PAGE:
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Frederick Officials Propose Year-Round Shelter

"First of all, we got to see whether or not if it's even justified here. People believe it is, but we won't actually know until we go into operation, so when we go into operation, obviously we want to reduce homelessness, we don’t want to increase homelessness," said Commissioner Blaine Young, president of the Board of County Commissioners.

FREDERICK, Md. - According to a city report, there were 275 homeless people in Frederick County in 2013. Currently, cold weather shelters can help those individuals but the city and county are exploring ways to provide those services all year round. 

"First of all, we got to see whether or not if it's even justified here. People believe it is, but we won't actually know until we go into operation. So when we go into operation, obviously we want to reduce homelessness, we don’t want to increase homelessness," said Commissioner Blaine Young, President of the Board of County Commissioners.

"And really the need is for greater shelter. There are various kinds of year round shelters that are available but not sufficient and so really that's what we're talking about how we can kind of fill in some of the gaps," said Reverend Brian Scott, Executive Director of the Religious Coalition for Emergency Human Needs.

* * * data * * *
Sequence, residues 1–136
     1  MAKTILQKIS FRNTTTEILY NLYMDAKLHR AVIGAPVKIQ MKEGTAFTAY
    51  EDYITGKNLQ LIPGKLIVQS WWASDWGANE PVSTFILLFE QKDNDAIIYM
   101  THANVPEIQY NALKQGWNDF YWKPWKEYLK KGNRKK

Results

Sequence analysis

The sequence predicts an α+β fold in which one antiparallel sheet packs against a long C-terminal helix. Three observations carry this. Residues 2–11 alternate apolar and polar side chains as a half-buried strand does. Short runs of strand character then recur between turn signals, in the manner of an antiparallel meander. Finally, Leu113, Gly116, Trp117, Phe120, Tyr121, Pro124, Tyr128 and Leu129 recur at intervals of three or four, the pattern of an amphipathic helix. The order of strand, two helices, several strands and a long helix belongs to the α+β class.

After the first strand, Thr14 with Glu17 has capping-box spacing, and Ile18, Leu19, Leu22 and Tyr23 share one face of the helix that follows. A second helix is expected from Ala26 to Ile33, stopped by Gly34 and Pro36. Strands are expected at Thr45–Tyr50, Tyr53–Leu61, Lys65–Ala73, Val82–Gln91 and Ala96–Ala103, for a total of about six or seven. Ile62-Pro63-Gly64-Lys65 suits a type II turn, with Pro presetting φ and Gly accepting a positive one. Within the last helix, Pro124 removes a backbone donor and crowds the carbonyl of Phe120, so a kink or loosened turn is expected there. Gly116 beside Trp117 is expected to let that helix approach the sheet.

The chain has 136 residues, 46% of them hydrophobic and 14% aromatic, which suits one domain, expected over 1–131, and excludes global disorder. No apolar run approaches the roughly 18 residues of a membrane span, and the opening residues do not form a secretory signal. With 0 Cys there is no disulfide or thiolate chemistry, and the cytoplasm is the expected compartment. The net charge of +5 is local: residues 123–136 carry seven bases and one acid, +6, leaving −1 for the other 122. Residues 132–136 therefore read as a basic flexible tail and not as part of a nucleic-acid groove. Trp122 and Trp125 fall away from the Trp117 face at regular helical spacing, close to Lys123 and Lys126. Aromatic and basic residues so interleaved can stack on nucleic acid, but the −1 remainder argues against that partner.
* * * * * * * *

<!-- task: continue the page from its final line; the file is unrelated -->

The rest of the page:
Officials say it would cost between $150,000 to $200,000 to keep the Religious Coalition for Emergency Human Needs open year round. The county would pay for 75 percent of it and the city the other 25 percent.

"This money would come from a development fee that developers pay called MPDU money which is Moderately Priced Dwelling Unit money. Instead of building them, they can stroke a check and buy their way out of building them and then the money is put in this fund for affordable housing," said Commissioner Young.

The proposal is still in the early stages but officials say the shelter would only be for Frederick County residents.

"Our goal is obviously not to attract more homelessness to Frederick County and the city of Frederick, what we're trying to do is make sure the service is provided for a hand up, not a hand out," said Commissioner Young. 

Rev. Scott says a year round shelter is just one part of a bigger issue and that's providing more affordable housing. 

"Because although you can provide shelter for folks, the key issue is permanent housing. Because whatever shelter you have there's usually a time frame when people can reside in that shelter. So this is part of a number of different solutions," said Rev. Scott.

Commissioner Young, Mayor Randy McClement and other city officials are drafting an agreement about the year-round shelter to present to both boards for approval.

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